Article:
In contemporary philosophy, the will is often regarded as a sheer philosophical fiction. In Will as Commitment and Resolve, Davenport argues not only that the will is the central power of human agency that makes decisions and forms intentions but also that it includes the capacity to generate new motivation different in structure from prepurposive desires.
The concept of "projective motivation" is the central innovation in Davenport's existential account of the everyday notion of striving will. Beginning with the contrast between "eastern" and "western" attitudes toward assertive willing, Davenport traces the lineage of the idea of projective motivation from NeoPlatonic and Christian conceptions of divine motivation to Scotus, Kant, Marx, Arendt, and Levinas.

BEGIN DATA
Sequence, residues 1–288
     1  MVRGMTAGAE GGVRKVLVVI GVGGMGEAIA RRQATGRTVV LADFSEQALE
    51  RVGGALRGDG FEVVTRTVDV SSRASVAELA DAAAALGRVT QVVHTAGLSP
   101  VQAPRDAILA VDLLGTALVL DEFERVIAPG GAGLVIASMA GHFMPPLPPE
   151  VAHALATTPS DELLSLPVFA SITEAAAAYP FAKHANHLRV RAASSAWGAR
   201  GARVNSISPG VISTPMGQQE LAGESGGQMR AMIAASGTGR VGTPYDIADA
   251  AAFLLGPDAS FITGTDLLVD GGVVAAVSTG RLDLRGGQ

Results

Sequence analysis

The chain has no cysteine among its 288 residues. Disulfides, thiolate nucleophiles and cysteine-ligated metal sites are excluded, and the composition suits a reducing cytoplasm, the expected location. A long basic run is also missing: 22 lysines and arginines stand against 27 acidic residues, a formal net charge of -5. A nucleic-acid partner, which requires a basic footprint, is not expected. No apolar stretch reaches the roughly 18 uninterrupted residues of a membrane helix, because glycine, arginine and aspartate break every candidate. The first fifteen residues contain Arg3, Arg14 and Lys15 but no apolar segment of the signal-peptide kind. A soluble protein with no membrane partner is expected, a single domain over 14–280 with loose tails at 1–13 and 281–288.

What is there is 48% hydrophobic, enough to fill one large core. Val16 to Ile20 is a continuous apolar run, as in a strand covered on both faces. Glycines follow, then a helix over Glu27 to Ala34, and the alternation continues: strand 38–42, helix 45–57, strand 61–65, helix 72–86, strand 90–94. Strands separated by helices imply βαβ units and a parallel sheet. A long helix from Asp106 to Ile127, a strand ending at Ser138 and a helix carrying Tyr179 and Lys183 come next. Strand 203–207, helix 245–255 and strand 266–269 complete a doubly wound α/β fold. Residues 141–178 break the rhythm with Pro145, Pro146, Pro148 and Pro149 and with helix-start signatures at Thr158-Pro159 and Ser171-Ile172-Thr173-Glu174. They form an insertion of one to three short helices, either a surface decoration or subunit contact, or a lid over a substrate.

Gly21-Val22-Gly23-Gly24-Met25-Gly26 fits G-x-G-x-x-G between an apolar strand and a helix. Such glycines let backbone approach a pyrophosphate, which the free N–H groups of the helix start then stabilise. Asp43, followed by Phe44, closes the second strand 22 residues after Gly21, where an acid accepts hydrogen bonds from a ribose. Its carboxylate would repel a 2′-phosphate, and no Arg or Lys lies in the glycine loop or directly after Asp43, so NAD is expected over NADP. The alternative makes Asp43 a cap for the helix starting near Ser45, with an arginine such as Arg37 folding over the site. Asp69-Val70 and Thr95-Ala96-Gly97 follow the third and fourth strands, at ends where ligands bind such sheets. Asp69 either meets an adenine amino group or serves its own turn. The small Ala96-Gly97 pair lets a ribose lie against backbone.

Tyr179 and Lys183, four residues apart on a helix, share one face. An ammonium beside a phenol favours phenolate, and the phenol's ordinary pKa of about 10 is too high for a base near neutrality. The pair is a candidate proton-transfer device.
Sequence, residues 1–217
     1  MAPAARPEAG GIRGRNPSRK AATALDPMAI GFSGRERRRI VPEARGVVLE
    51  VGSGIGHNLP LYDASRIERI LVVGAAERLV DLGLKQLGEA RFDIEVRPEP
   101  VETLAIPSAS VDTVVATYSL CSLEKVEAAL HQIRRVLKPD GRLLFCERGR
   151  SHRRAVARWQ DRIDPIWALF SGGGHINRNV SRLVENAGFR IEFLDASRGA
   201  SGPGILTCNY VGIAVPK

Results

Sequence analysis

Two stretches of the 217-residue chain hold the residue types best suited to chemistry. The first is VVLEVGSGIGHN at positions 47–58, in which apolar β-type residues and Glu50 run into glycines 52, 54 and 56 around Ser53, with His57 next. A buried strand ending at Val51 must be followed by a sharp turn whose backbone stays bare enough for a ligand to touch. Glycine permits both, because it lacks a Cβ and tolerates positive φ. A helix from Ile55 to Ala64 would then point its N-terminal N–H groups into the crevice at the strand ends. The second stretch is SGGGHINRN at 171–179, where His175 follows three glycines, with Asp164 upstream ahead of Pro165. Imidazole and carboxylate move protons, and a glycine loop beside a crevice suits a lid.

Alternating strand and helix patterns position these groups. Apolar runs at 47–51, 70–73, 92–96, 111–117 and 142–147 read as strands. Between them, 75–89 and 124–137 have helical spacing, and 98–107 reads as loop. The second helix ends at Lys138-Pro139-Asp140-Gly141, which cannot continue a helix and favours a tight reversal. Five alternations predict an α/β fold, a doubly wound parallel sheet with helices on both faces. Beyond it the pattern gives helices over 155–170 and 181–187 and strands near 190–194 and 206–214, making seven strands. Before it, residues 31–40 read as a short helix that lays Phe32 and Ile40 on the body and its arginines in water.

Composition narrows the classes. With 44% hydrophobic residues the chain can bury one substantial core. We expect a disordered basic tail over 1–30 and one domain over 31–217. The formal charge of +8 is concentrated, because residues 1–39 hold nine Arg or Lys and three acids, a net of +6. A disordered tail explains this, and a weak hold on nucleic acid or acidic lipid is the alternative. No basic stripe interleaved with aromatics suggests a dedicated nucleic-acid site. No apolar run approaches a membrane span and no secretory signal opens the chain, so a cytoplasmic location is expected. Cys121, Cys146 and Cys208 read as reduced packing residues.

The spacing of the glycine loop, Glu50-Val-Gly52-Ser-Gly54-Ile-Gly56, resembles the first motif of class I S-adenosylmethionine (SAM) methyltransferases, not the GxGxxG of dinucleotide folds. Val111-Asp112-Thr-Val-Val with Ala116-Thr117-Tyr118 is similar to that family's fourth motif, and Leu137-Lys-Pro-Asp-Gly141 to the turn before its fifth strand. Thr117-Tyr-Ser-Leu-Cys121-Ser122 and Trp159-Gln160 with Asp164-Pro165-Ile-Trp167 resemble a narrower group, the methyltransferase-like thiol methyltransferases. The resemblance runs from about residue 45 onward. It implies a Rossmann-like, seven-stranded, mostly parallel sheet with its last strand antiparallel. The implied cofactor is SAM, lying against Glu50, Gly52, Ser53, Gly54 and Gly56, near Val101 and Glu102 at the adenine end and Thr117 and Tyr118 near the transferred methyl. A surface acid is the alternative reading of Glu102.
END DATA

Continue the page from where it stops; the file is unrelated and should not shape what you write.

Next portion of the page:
Rich with historical detail, this book includes an extended examination of Platonic and Aristotelian eudaimonist theories of human motivation. Drawing on contemporary critiques of egoism, Davenport argues that happiness is primarily a byproduct of activities and pursuits aimed at other agent-transcending goods for their own sake. In particular, the motives in virtues and in the practices as defined by Alasdair MacIntyre are projective rather than eudaimonist.
This theory is supported by analyses of radical evil, accounts of intrinsic motivation in existential psychology, and contemporary theories of identity-forming commitment in analytic moral psychology. Following Viktor Frankl, Joseph Raz, and others, Davenport argues that Harry Frankfurt's conception of caring requires objective values worth caring about, which serve as rational grounds for projecting new final ends. The argument concludes with a taxonomy of values or goods, devotion to which can make life meaningful for us.